This week we have added 114,380 new pages to the Archive. We have added pages to seven of our existing titles, with updates to our special cinema title The Bioscope, three of our Irish titles the Belfast Telegraph, the Wexford People and the Dublin Evening Telegraph, as well as updates to the Western Mail and the Liverpool Echo.
We have also added 20,892 new pages to the Surrey Advertiser, covering the late nineteenth century and the early twentieth century. In the Victorian period, the county of Surrey was home to some important domestic innovations. These innovations are discoverable within the pages of the Surrey Advertiser, which not only offers a record of how these changes were implemented, but also shows the opinions of local people at the time regarding such transitions.
The small town of Godalming, approximately thirty miles outside of London, became in 1881 the first town in the world to have a public electricity supply. The town’s street lights were lit by a current generated by a waterwheel located at Westbrook Mills, and an article from the 1st October 1881 describes how ‘The lighting has so far been most satisfactory, eliciting the high praise of the hundreds of persons who have nightly congregated on the street.’
This change to electric power, despite being a global first, was not exactly fueled by a quest for innovation. The primary reason behind the change was that the contract with the gas company for the streetlights had terminated, and ‘it was essential some new contract be made.’ Indeed, it was estimated that electricity would be 29% cheaper than gas. However, the town of Godalming was lauded in the national press, ‘fully deserving of the honourable position therein accorded to it.’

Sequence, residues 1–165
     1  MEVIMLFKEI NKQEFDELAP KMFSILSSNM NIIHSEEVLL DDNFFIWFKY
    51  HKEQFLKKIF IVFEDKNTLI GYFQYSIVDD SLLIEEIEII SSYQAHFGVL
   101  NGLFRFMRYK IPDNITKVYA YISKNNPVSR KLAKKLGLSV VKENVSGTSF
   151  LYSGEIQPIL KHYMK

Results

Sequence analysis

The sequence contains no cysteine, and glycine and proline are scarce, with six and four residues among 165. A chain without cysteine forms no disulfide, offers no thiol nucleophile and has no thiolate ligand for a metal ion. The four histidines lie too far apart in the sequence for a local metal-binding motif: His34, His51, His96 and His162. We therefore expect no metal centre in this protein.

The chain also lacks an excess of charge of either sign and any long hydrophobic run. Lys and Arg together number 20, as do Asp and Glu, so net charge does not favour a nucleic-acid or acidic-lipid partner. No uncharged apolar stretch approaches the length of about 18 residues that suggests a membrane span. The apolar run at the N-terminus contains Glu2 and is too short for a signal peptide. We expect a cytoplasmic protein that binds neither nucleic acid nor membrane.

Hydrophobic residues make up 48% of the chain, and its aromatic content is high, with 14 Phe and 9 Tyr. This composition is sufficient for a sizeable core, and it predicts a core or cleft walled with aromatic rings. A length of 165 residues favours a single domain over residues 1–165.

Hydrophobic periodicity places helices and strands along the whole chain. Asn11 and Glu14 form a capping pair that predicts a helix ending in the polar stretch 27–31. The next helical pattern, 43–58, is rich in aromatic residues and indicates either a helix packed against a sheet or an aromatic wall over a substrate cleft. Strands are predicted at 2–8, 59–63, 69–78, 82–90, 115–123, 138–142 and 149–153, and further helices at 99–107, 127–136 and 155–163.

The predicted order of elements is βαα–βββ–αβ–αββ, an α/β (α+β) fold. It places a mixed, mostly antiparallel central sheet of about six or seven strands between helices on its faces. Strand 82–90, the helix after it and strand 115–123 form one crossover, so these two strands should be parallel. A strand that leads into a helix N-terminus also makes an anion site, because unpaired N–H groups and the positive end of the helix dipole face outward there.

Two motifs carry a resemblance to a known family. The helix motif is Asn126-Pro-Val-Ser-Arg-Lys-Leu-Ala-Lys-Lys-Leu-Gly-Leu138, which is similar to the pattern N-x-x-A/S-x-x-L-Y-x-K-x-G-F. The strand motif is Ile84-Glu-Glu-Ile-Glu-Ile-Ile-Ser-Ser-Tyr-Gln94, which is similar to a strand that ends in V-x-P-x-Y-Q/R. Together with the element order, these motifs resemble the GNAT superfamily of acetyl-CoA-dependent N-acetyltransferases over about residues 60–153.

A slightly more controversial first was the building of United Kingdom’s first crematorium in the town of Woking in 1878. With ever increasing pressure being placed on the country’s burial grounds, resulting in unsanitary conditions, a new solution was needed: cremation. However, many objected on religious grounds, and the Surrey town of Woking became the epicentre of this controversial debate.
One ‘anti-cremationist’ writes how ‘cremation has a very horrifying sound to people in general of all classes.’ However, another correspondent to the paper observes ‘the churchyards in many instances are in a most horrible condition through overcrowding, and the cemeteries are rapidly filling.’ This correspondent compares the outcry in Woking to that of when railways were first introduced, ‘the folly of which is now seen.’
Both sides of the argument were fully represented in the Surrey Advertiser. However, cremation was not legalised until 1884, and so the Woking Crematorium stood empty for some time. The first official cremation took place there on 26 March 1885, the deceased being Mrs Jeannette C Pickersgill, a well-known figure in literary and scientific circles.
This week we have updated one of our recently added titles.
You can learn more about each of the titles we add to every week by clicking on their names. On each paper’s title page, you can read a FREE sample issue, learn more about our current holdings, and our plans for digitisation.
|Surrey Advertiser||1875, 1878-1888, 1890-1894, 1896-1897, 1899-1903, 1912-1913, 1929, 1931-1933|
|Wexford People||1994-1996, 1998-2004|
|The Bioscope||1909, 1914-1917|
|Dublin Evening Telegraph||1907|